In 2020, scientists made global headlines by creating “xenobots” – tiny “programmable” living things made of several thousand frog stem cells.

These pioneer xenobots could move around in fluids, and scientists claimed they could be useful for monitoring radioactivity, pollutants, drugs or diseases. Early xenobots survived for up to ten days.

A second wave of xenobots, created in early 2021, showed unexpected new properties. These included self-healing and longer life. They also showed a capacity to cooperate in swarms, for example by massing into groups.

Last week, the same team of biology, robotics and computer scientists unveiled a new kind of xenobot. Like previous xenobots, they were created using artificial intelligence to virtually test billions of prototypes, sidestepping the lengthy trial-and-error process in the lab. But the latest xenobots have a crucial difference: this time, they can self-replicate.

Hang on, what? They can self-replicate?!

The new xenobots are a bit like Pac-Man – as they swim around they can gobble up other frog stem cells and assemble new xenobots just like themselves. They can sustain this process for several generations.

But they don’t reproduce in a traditional biological sense. Instead, they fashion the groups of frog cells into the right shape, using their “mouths”. Ironically, the recently extinct Australian gastric-brooding frog uniquely gave birth to babies through its mouth.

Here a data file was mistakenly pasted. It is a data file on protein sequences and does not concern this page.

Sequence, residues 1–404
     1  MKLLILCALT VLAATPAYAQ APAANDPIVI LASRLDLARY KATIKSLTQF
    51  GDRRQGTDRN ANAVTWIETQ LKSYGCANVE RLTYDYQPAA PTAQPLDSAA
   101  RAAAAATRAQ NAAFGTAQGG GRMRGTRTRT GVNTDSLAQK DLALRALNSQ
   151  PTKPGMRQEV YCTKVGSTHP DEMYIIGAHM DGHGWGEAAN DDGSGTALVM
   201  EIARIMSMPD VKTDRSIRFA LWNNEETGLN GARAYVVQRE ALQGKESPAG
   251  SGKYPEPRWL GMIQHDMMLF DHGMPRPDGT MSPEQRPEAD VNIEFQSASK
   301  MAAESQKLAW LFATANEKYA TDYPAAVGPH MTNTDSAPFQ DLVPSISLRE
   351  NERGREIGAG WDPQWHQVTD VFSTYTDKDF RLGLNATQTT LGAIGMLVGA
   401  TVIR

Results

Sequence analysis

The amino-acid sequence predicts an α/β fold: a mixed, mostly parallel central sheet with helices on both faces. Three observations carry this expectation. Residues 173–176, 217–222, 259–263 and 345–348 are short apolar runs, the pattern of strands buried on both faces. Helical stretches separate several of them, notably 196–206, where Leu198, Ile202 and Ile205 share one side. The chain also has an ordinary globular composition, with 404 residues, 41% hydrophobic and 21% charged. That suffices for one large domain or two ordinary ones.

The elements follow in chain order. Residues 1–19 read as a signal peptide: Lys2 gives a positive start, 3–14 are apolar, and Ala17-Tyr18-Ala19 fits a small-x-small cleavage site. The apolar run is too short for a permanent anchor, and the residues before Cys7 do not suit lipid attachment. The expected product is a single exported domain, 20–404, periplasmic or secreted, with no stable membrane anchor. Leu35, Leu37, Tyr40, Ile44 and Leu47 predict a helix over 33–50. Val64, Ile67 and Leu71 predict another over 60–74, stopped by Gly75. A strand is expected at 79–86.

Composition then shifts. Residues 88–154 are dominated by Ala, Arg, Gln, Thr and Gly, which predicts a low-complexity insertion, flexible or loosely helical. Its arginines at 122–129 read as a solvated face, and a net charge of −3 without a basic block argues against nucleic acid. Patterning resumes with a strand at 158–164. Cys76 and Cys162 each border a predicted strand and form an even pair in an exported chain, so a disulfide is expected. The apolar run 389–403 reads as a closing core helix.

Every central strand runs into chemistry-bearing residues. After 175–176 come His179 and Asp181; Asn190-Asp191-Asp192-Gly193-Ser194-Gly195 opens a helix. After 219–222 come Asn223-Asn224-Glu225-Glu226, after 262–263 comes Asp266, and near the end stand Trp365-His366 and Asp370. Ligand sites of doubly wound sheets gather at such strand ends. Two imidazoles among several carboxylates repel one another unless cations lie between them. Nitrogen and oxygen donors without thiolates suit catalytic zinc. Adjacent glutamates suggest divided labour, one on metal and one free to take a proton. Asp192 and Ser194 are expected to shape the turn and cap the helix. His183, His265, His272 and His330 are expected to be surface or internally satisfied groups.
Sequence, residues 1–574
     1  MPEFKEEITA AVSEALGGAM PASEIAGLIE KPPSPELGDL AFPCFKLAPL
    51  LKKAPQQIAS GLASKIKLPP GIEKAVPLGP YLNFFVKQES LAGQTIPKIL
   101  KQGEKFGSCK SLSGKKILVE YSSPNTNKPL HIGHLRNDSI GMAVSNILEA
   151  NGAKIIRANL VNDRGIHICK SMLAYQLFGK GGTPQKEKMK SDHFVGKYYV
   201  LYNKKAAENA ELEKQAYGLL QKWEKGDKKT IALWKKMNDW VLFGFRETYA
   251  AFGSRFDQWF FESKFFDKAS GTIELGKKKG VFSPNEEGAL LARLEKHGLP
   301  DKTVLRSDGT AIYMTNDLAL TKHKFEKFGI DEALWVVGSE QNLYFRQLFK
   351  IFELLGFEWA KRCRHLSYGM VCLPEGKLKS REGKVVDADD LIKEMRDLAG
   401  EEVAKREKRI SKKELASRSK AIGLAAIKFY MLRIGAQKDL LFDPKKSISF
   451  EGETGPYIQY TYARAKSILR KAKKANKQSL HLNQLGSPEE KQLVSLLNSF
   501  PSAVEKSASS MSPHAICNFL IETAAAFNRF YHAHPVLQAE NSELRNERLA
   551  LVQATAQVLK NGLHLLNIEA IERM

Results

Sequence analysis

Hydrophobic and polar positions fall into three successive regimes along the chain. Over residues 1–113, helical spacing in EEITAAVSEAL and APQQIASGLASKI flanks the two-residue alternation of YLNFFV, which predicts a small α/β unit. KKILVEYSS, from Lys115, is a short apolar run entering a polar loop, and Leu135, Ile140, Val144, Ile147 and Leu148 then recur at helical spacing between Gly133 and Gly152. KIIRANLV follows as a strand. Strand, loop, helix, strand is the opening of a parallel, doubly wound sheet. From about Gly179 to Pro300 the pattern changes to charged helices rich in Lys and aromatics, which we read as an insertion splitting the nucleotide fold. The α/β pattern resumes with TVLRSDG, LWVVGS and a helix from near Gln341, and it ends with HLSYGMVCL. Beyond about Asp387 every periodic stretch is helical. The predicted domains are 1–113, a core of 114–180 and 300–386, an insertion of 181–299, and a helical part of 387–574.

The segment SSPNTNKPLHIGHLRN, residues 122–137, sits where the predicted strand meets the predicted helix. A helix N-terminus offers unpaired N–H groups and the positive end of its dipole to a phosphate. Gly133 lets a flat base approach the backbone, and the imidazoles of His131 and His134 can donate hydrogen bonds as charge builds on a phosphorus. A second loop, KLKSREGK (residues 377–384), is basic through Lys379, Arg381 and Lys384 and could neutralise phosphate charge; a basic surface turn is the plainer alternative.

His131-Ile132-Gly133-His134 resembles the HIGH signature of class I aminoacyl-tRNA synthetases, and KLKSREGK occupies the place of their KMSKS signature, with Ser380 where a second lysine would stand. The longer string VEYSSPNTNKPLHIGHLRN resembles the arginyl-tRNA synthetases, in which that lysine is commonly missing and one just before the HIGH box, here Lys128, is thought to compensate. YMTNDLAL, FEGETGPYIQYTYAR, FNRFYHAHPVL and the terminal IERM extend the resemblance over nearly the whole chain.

The latest advance brings scientists a step closer to creating organisms that can self-replicate indefinitely. Is this as much of a Pandora’s Box as it sounds?

Conceptually, human-designed self-replication is not new. In 1966, the influential mathematician John Von Neumann discussed “self-reproducing automata”.

Famously, Eric Drexler, the US engineer credited with founding the field of “nanotechnology”, referred to the potential of “grey goo” in his 1986 book Engines of Creation. He envisaged nanobots that replicated incessantly and devoured their surroundings, transforming everything into a sludge made of themselves.

Although Drexler subsequently regretted coining the term, his thought experiment has frequently been used to warn about the risks of developing new biological matter.

In 2002, without the help of AI, an artificial polio virus created from tailor-made DNA sequences became capable of self-replication. Although the synthetic virus was confined to a lab, it was able to infect and kill mice.

Possibilities and benefits

The researchers who created the new xenobots say their main value is in demonstrating advances in biology, AI and robotics.

Future robots made from organic materials might be more eco-friendly, because they could be designed to decompose rather than persist. They might help address health problems in humans, animals and the environment. They might contribute to regenerative medicine or cancer therapy.

Xenobots could also inspire art and new perspectives on life. Strangely, xenobot “offspring” are made in their parents’ image, but are not made of or from them. As such, they replicate without truly reproducing in the biological sense.